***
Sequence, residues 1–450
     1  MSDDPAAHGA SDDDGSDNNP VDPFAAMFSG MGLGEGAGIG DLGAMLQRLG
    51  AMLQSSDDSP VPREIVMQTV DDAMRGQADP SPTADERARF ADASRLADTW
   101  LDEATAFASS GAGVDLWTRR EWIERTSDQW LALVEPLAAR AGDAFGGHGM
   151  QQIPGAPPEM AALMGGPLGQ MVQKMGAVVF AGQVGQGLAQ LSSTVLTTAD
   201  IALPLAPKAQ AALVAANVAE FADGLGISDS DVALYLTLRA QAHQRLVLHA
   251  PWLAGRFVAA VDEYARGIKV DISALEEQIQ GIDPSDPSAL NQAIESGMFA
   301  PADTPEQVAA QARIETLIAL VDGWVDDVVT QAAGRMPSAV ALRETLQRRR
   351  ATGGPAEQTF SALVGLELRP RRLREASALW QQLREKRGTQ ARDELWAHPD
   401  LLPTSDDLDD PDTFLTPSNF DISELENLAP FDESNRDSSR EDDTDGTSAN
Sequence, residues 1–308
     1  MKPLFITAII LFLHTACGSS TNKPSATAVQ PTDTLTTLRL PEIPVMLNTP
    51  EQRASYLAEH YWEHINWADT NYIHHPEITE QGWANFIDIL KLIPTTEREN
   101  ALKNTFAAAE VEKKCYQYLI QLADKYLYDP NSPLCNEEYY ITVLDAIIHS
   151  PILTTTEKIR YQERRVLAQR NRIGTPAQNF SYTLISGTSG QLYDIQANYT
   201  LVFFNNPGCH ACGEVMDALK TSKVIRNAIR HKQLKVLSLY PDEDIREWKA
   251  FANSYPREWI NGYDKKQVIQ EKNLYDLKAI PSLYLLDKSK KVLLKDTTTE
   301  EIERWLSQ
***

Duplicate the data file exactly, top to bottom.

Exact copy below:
Sequence, residues 1–450
     1  MSDDPAAHGA SDDDGSDNNP VDPFAAMFSG MGLGEGAGIG DLGAMLQRLG
    51  AMLQSSDDSP VPREIVMQTV DDAMRGQADP SPTADERARF ADASRLADTW
   101  LDEATAFASS GAGVDLWTRR EWIERTSDQW LALVEPLAAR AGDAFGGHGM
   151  QQIPGAPPEM AALMGGPLGQ MVQKMGAVVF AGQVGQGLAQ LSSTVLTTAD
   201  IALPLAPKAQ AALVAANVAE FADGLGISDS DVALYLTLRA QAHQRLVLHA
   251  PWLAGRFVAA VDEYARGIKV DISALEEQIQ GIDPSDPSAL NQAIESGMFA
   301  PADTPEQVAA QARIETLIAL VDGWVDDVVT QAAGRMPSAV ALRETLQRRR
   351  ATGGPAEQTF SALVGLELRP RRLREASALW QQLREKRGTQ ARDELWAHPD
   401  LLPTSDDLDD PDTFLTPSNF DISELENLAP FDESNRDSSR EDDTDGTSAN
Sequence, residues 1–308
     1  MKPLFITAII LFLHTACGSS TNKPSATAVQ PTDTLTTLRL PEIPVMLNTP
    51  EQRASYLAEH YWEHINWADT NYIHHPEITE QGWANFIDIL KLIPTTEREN
   101  ALKNTFAAAE VEKKCYQYLI QLADKYLYDP NSPLCNEEYY ITVLDAIIHS
   151  PILTTTEKIR YQERRVLAQR NRIGTPAQNF SYTLISGTSG QLYDIQANYT
   201  LVFFNNPGCH ACGEVMDALK TSKVIRNAIR HKQLKVLSLY PDEDIREWKA
   251  FANSYPREWI NGYDKKQVIQ EKNLYDLKAI PSLYLLDKSK KVLLKDTTTE
   301  EIERWLSQ